Patients Feel at Home With Spirometry

Vol. 20 • Issue 11 • Page 25

Pulmonary Function Testing

S.P. is a woman in her 40s with cystic fibrosis who takes good care of herself and has always wanted to stay on top of the latest therapies.

In 2006, not long after two landmark articles were published demonstrating the benefits of nebulized hypertonic saline for CF patients, her physician prescribed hypertonic saline for her to inhale.1,2 She used it regularly for several months but could not appreciate any dramatic change in her respiratory symptoms. Given the large number of medications she was already taking on a daily basis, S.P. came to the CF clinic and told her doctor about her ambivalence toward continuing to use hypertonic saline.

It just so happened that over this same period of time S.P. was taking part in a small pilot study designed to evaluate the utility of home spirometry for individuals with CF. For this study, she used a small electronic spirometer and measured her FEV1 twice daily. The study’s investigators collected and analyzed the information stored in the device every 30 days. S.P.’s doctor had the opportunity to review a graph of S.P.’s home spirometry results and was struck by a dramatic improvement in her FEV1 that occurred abruptly and remained improved for the remainder of the month’s readings. (See Figure, page 26).

S.P.’s doctor showed the impressive spirometry numbers to her and asked if anything had happened at the time of her FEV1 improvement. S.P. looked back at her diary and discovered that her lung function improvement corresponded to the time she started using hypertonic saline. This was enough information to convince S.P. that hypertonic saline was helping her, and she has continued using it to this day.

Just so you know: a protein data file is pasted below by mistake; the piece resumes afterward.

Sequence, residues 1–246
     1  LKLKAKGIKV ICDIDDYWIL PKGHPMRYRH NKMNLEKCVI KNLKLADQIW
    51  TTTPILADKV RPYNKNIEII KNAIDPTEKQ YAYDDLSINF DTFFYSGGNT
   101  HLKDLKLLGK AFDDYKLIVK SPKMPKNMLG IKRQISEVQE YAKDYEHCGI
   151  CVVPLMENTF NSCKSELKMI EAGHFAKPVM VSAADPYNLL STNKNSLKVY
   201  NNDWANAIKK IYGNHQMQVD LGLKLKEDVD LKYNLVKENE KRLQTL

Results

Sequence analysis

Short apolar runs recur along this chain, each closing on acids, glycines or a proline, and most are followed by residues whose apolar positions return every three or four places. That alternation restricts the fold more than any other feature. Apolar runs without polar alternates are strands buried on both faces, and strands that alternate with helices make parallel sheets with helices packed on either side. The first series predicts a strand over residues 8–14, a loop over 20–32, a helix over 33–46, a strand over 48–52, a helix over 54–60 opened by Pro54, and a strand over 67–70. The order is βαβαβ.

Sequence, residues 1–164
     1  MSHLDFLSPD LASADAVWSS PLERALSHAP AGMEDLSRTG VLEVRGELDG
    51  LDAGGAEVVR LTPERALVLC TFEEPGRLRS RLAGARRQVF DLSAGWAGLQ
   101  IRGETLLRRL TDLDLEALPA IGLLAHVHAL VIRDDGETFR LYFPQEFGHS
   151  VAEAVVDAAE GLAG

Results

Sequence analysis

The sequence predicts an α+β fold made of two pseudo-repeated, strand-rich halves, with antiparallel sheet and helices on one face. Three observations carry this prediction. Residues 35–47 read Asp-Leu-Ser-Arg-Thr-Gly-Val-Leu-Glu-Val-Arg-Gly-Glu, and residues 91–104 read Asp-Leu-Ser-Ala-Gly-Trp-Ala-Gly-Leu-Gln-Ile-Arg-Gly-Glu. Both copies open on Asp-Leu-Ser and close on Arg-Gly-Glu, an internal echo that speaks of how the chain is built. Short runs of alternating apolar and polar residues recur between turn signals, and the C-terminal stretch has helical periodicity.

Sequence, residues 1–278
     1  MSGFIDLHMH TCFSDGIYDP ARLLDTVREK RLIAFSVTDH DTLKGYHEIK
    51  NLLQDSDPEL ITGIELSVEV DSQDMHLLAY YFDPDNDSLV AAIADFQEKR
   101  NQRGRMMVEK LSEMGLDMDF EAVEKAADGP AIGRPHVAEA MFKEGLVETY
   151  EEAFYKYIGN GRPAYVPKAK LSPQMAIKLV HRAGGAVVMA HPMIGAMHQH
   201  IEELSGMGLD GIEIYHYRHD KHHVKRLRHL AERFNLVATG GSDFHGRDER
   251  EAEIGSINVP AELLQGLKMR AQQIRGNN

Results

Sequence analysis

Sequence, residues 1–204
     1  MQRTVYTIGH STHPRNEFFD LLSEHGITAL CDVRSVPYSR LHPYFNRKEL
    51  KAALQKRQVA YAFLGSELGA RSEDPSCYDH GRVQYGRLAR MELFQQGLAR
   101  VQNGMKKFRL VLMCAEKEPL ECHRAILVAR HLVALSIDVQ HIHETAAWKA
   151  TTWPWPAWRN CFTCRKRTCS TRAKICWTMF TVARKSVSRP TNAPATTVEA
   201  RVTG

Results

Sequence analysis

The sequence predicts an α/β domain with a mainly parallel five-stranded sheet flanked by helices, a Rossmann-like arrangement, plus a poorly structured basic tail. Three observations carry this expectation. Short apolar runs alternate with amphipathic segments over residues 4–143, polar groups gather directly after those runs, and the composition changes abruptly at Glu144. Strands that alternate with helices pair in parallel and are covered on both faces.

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Pulmonary function testing with spirometry is a standard component in the face-to-face evaluation and management of CF patients. FEV1 is easy to measure, is reproducible, and has been shown to be an excellent predictor of morbidity and mortality in CF. CF patients experience intermittent exacerbations of their disease. Measurement of FEV1 is an important aspect of detecting exacerbations and in assessing response to therapy.

In our adult CF program, patients call a nurse phone line if they are having an increase in pulmonary symptoms. The CF nurses are adept at triaging these calls and determining if someone needs to be seen. Sometimes treatment with oral antibiotics is initiated over the phone just based on a patient’s symptoms. While this approach works reasonably well, it may lead to both over and under treatment. Additionally, since it relies on patients calling when they become concerned about their symptoms, it may allow for subtle declines in their condition to go unnoticed.

Several years ago, one of the CF nurses began having patients blow into their telephone in order to evaluate if they were having bronchospasm. She would approach me and say, “So and so sounds tight; I think we need to treat them with ..” When I heard about this unusual approach, I realized we needed more objective measures of pulmonary function for outpatients with CF.

We conducted a pilot study to determine if patients would be willing to measure spirometry at home and if the measurements were accurate. We recruited 35 adults with CF and followed them for six months. We found participants were willing and able to measure spirometry on 90 percent of the expected days and that the measurements were highly correlated with values obtained in the pulmonary function lab. In one out of five patients we were able to detect changes in FEV1 that corresponded to the initiation or cessation of a medication such as hypertonic saline or inhaled tobramycin. Home spirometry also appeared to be useful for tracking response to antibiotics for exacerbations. The results of this pilot study were presented at the North American Cystic Fibrosis Conference in Anaheim, Calif., in 2007.3